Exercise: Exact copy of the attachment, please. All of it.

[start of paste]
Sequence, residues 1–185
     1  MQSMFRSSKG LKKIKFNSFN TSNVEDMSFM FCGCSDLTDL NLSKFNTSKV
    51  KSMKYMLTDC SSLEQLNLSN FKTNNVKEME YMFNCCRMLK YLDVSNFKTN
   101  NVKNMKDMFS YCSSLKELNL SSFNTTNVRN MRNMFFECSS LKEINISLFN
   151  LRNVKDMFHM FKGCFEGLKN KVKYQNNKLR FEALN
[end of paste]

Sequence, residues 1–185
     1  MQSMFRSSKG LKKIKFNSFN TSNVEDMSFM FCGCSDLTDL NLSKFNTSKV
    51  KSMKYMLTDC SSLEQLNLSN FKTNNVKEME YMFNCCRMLK YLDVSNFKTN
   101  NVKNMKDMFS YCSSLKELNL SSFNTTNVRN MRNMFFECSS LKEINISLFN
   151  LRNVKDMFHM FKGCFEGLKN KVKYQNNKLR FEALN